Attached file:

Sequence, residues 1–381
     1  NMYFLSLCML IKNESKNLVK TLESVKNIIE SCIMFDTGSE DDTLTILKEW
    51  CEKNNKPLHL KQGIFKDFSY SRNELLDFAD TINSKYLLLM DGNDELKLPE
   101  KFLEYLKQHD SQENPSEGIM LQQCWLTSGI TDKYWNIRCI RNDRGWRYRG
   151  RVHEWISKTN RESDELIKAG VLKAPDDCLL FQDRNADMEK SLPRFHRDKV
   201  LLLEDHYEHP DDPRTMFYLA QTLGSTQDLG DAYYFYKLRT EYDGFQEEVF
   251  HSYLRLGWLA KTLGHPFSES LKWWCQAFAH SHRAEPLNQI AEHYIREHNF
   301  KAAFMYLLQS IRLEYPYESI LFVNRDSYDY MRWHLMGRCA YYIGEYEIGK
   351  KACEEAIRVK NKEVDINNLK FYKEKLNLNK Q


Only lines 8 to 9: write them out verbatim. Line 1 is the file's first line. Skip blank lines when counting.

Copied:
   301  KAAFMYLLQS IRLEYPYESI LFVNRDSYDY MRWHLMGRCA YYIGEYEIGK
   351  KACEEAIRVK NKEVDINNLK FYKEKLNLNK Q